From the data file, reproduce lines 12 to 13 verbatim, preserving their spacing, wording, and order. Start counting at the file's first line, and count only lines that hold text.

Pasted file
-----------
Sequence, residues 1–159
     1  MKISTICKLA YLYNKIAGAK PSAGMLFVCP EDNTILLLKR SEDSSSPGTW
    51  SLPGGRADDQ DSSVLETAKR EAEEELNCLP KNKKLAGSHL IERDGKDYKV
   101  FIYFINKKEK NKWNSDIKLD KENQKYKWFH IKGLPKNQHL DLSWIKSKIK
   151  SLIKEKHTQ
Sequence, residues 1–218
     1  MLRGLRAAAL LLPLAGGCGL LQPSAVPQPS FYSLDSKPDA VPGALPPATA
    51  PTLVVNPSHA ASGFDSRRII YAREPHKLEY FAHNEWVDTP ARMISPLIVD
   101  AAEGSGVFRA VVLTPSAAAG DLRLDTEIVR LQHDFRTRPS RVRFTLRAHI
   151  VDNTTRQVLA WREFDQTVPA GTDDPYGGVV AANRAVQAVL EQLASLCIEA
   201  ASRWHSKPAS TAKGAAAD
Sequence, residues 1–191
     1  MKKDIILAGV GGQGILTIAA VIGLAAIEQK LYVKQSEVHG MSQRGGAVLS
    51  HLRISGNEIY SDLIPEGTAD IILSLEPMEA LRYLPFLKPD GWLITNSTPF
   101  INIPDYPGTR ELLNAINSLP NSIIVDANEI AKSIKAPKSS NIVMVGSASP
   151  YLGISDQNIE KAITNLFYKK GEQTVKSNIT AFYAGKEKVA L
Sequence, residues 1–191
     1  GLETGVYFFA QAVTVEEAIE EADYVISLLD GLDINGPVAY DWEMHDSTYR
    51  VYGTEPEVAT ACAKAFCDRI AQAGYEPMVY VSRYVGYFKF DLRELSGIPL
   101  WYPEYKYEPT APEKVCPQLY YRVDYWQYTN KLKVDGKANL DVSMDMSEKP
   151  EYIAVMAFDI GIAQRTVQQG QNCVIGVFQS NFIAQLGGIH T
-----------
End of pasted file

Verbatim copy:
Sequence, residues 1–191
     1  MKKDIILAGV GGQGILTIAA VIGLAAIEQK LYVKQSEVHG MSQRGGAVLS